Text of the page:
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Industrial Lane project bids opened by Blackduck Council

Two engineering technicians from Widseth Smith Nolting appeared before the Blackduck City Council Aug. 8 to give them an update on the Industrial Lane project.

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Steve Pemble, left, an engineering tech from Widseth Smith Nolting, explains to the Blackduck City Council about changes that could be made to the Industrial Lane project as Steve Cochems from Anderson Fabrics, takes notes on the changes and how those changes will affect his business.

Two engineering technicians from Widseth Smith Nolting appeared before the Blackduck City Council Aug. 8 to give them an update on the Industrial Lane project.

Steve Pemble and Benji Hofstad from WSN reviewed the bid tabulations with the council before going over the two bids that were submitted for the Industrial Lane street project.

Pemble began with the bid openings, which had been done in the morning.

There were only two bids submitted -- one from Knife River Materials for a total bid of $188,647.99 and the other from Gerit Hanson Construction for $163,804.37. The bid was awarded to Hanson.

These two bids were only for construction costs and did not include contingencies, the preliminary survey, design or construction administration, staking and inspection for a total of $39,094.35.

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The cost project cost came to $202,848.72, minus the $77,215 grant the city obtained, leaving the project costs at $125,686.72, according to City Administrator Karin Elhard.

Elhard explained to the council about the estimated special assessments on the properties along Industrial Lane, the majority of which are owned by Anderson Fabrics.

"I've broken it down for you," she began. "If we take subtract the contingencies and the grant, we come up with a total for the project at $111,464.63, however, if you look at the 10 year assessments for each of the lots on the street, it exceeds the benefit range of each lot. We just can't do that," she said.

Councilmember Daryl Lundberg asked Steve Cochems from Anderson Fabrics what his take on the discussion was.

"I'm confused. This morning when we opened up bids it was $163,804 and now it's $202,898. You guys should have seen this morning when I wasn't upset, that I didn't understand."

It was then explained to him, how the numbers had changed and why to that he understood better.

"When I think of the project contingencies," Elhard said, "there's not much guessing. The underground work is a kind of a 'what you see is what you get' type of thing."

"So is it realistic to take out that $14,000 in contingencies?

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she asked.

She also went on to explain that she and City Maintenance Supervisor Bob Klug Jr. sat down and looked at the line items on the estimate and came up with another $17,000 in savings that could be done.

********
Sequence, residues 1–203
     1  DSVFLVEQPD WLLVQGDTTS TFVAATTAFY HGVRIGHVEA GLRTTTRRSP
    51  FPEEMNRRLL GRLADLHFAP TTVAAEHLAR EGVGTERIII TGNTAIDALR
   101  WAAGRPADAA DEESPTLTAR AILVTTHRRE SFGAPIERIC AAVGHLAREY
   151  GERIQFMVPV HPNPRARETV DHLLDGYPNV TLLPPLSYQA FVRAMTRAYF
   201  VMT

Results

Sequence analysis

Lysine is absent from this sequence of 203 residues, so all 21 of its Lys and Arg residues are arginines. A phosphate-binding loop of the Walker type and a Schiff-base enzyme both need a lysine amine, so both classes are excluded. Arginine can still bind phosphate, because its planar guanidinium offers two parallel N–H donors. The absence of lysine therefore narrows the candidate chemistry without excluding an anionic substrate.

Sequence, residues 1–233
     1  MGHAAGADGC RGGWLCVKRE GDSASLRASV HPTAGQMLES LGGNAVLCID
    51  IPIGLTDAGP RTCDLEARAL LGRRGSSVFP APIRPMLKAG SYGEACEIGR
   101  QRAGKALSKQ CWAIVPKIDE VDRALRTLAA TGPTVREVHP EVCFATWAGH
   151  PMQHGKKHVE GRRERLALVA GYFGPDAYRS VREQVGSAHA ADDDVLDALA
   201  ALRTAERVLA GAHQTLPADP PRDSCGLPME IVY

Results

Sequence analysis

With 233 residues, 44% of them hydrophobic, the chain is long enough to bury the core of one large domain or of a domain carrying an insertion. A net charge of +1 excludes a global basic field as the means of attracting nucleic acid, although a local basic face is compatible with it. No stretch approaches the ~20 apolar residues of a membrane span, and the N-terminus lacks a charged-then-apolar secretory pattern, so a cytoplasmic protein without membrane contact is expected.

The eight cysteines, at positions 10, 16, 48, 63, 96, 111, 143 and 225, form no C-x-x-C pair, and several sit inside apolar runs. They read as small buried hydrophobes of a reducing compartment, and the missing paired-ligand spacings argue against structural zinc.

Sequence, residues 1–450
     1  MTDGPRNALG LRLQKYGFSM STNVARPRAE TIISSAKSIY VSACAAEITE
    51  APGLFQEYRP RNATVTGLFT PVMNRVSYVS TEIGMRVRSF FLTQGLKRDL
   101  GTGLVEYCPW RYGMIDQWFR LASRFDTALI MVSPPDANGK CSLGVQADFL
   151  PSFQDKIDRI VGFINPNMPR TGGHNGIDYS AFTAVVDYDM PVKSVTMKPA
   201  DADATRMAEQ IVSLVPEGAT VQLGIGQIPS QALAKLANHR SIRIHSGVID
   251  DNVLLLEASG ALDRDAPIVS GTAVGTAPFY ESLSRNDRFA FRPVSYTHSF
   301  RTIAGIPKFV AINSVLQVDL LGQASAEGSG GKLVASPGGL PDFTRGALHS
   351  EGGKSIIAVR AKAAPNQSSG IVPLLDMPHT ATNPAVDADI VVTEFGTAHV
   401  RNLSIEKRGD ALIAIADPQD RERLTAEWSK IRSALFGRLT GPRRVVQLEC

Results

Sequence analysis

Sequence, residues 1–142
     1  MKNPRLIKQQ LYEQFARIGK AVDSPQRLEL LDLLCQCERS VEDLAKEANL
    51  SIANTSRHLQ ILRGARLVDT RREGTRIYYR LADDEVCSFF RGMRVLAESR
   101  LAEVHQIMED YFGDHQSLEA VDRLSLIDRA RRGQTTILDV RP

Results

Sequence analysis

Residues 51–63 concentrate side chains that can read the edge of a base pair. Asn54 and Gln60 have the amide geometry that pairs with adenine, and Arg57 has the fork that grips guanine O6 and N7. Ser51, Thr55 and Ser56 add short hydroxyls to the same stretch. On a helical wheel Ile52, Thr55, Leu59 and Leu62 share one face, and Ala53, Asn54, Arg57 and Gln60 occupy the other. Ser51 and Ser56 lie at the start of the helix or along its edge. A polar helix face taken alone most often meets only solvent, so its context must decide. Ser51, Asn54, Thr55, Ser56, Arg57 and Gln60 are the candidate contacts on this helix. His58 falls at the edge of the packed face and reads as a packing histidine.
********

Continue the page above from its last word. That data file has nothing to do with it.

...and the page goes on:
Pemble was questioned as to why asphalt was so high. He told the council that he wasn't really sure as to why the prices were all over the board but he thought it may be due to the fact that they had no plant in the area and that the material would have to be hauled in for the project.

The council discussed various options before finally coming to the conclusion that it would be more beneficial meet with City Engineer Curt Meyer concerning the project and what options are available.

It was decided to meet with Meyers Aug. 15 at 6 p.m. to go over the bid and project estimate. Due to this meeting, the item was tabled until the Aug. 15. meeting.

Andy Thienes, president of the Blackduck Fire Relief Association came before the council to go over the pension plan for the fire department.

"Our fund us 90-95 percent funded and we are very healthy compared to some," Thienes said.

Thienes was thanked by the council for his report before they moved on to review the distribution of the proposed 2012 general fund budget and a preliminary discussion of Blackduck's comprehensive plan.

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It was decided to move the Sept. 6 regular council meeting to 6 p.m. Sept. 12 due to the Labor Day holiday.

A report from the revolving loan fund committee was then heard.

At a July 20 meeting, Matt Sparby of MAK Property met with the fund committee members.

Sparby informed the committee that Blackduck Hardware Store was now closed and it had liquidated most of the inventory and is now pursuing a buyer for the building.

Currently, the MAK Property is two months behind of payments to the city. The loan had been deferred for six month, which ended May 31.

The committee offered Sparby an additional 12 months of deferred payments.

The committee then recommended the deferment to the council for one year, ending May 31, 2012. The recommendation was then approved.

Last on the agenda were two resolutions concerning the vacant council position.

The resolution to accept Nayda Cheney's resignation and declare her seat vacant was approved however, the resolution appointing a person to fill her vacancy was tabled until the Sept. 12 meeting.

Related Topics: BLACKDUCK
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